By: Kelly Aue
LIVE OAK, Fla. — In the Suwannee Valley, farmers are diligently searching for solutions, or Best Management Practices (BMPs), to efficiently use fertilizers in crop production. At the UF/IFAS North Florida Research and Education Center – Suwannee Valley (UF/IFAS NFREC-SV), a team led by Bob Hochmuth, UF/IFAS Extension regional specialized agent for vegetable crops and assistant center director, has been researching the use of controlled release fertilizers as an advanced BMP.
“While controlled release fertilizers have been around for years, the technology has improved through research discoveries over the past three years,” Hochmuth said. “The research has shown very encouraging results in growing the corn, carrot and watermelon crops important to this region. Controlled release fertilizers have obtained the same yield and quality compared to conventional fertilizers. In many cases, less nitrogen was applied.”
Controlled release fertilizers are typically applied once at the beginning of the season.
“In simplistic terms, the fertilizer granule is coated with a polymer-type material that protects the fertilizer and releases it over time depending on the type and thickness of the coating,” Hochmuth said. “The rate of release of the nutrients in the soil is usually dependent on temperature. The higher the temperature, the greater the release.”
This technology can now match the right rate release with the right crop and greatly reduces the risk of excess available nitrogen in the soil being leached below the active root zone of the crop.
In comparison, conventional fertilizers may require several applications with higher labor and fuel costs. While controlled release fertilizers are more expensive, with fewer trips across the field, it can reduce the overall cost. “If reduced rates can be proven to consistently perform equal to conventional fertilizer programs, this technology may become more commonly adopted by farmers resulting in reduced nitrogen losses,” Hochmuth said.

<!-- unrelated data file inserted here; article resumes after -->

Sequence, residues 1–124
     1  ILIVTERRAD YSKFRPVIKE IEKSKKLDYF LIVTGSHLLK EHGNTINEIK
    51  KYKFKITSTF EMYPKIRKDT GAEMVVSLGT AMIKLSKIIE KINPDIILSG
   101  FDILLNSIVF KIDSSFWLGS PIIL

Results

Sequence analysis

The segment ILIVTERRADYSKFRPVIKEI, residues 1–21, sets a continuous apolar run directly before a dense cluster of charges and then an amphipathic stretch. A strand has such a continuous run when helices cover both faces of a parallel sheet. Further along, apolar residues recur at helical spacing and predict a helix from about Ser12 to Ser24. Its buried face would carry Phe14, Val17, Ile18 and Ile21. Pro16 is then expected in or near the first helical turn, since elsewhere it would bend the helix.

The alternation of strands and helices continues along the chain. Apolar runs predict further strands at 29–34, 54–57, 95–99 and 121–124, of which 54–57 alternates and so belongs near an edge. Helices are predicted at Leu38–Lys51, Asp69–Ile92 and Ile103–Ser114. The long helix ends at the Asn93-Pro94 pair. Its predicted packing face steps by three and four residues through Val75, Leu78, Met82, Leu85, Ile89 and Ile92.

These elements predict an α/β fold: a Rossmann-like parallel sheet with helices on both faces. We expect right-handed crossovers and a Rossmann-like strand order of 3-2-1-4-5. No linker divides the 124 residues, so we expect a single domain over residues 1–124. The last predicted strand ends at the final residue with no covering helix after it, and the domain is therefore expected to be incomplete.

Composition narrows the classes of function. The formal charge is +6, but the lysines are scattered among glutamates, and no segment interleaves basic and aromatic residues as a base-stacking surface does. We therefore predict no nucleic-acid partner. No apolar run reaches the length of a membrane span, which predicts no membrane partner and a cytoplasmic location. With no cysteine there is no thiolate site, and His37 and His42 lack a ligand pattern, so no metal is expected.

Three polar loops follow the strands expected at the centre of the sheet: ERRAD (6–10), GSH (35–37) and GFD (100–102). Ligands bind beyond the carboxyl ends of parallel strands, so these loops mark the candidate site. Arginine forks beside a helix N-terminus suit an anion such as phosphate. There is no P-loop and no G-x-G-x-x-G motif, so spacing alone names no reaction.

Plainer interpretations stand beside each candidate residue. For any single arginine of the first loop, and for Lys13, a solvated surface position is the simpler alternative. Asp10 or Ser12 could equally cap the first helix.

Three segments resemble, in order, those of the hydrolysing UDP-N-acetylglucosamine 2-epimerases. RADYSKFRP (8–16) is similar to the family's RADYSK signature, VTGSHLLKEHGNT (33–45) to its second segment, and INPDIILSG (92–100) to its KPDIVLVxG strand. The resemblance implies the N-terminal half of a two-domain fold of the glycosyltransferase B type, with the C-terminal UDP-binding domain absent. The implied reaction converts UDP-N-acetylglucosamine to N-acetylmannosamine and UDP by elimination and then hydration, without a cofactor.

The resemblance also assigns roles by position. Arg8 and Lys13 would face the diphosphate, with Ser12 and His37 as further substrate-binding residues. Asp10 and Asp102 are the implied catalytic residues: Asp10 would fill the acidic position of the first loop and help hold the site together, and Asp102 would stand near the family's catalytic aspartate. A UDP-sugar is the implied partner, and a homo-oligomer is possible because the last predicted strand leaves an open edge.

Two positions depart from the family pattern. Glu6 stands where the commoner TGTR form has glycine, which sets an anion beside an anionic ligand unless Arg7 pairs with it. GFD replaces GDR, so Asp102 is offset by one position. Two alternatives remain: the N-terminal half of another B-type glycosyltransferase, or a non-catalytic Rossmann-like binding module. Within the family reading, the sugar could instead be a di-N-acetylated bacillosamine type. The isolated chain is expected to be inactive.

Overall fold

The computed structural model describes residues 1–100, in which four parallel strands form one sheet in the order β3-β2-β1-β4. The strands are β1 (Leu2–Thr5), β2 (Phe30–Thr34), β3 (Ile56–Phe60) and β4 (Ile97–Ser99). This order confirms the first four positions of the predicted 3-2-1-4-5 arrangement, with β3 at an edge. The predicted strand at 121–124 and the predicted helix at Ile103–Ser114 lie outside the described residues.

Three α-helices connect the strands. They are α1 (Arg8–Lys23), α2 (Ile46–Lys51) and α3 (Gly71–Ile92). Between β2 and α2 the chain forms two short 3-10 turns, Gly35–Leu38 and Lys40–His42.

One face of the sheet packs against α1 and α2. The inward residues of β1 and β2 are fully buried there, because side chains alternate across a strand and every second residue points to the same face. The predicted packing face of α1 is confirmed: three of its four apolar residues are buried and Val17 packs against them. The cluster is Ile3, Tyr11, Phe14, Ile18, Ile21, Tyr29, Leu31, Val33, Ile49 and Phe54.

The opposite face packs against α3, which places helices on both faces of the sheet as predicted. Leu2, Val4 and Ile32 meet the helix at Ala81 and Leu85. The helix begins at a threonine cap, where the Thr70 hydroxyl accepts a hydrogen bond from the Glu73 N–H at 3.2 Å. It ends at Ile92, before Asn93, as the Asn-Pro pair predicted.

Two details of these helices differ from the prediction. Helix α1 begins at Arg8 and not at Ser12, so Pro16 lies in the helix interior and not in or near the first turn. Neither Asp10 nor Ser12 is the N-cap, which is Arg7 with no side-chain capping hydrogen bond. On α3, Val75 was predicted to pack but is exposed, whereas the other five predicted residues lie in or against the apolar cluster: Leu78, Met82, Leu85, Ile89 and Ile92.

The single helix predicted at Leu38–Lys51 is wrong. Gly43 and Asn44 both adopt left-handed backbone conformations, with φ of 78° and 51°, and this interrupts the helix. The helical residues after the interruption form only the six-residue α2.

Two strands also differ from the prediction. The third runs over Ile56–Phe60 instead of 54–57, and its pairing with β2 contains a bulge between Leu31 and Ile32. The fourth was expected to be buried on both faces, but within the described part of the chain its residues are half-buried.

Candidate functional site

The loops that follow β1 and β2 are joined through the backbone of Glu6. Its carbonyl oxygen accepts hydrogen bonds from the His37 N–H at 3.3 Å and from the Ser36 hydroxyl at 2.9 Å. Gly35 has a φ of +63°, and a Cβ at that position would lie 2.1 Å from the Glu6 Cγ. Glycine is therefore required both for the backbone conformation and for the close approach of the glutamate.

Finding new advanced BMPs for farmers is critical to the success of the Basin Management Action Plans (BMAPs). BMAPs set the path to improving water quality and quantity in the Suwannee Valley region and reducing nitrogen is one of the keys to meet its goals.
“Nitrogen is the nutrient of greatest concern because it is highly soluble and can move downward in the deep sandy soils in the region,” Hochmuth said. As one of the more limited nutrients in crop production in the region, the current BMPs suggest applying smaller amounts of nutrients several times over the course of the growing season. This makes the most efficient use of nitrogen and reduces the risk of heavy nitrogen loss during heavy rainfall.
Using more advanced BMPs, like controlled released fertilizers, new irrigation technology and soil moisture sensor technology, farmers can eliminate nitrogen leaching during irrigation events, produce high-quality yields, and increase crop nutrient efficiencies.
Continued research by UF/IFAS faculty will help discover new ways to utilize these advanced technologies and help reduce nitrogen losses in the field that could impact our region’s groundwater and surface water quality.
(Photo above: A corn field trial at UF/IFAS NFREC-SV tests different controlled release fertilizers. Credit: UF/IFAS)
The mission of the University of Florida Institute of Food and Agricultural Sciences is to develop knowledge relevant to agricultural, human and natural resources and to make that knowledge available to sustain and enhance the quality of human life. With more than a dozen research facilities, 67 county Extension offices, and award-winning students and faculty in the UF College of Agricultural and Life Sciences, UF/IFAS works to bring science-based solutions to the state’s agricultural and natural resources industries, and all Florida residents. Visit the UF/IFAS website at ifas.ufl.edu and follow us on social media at @UF_IFAS.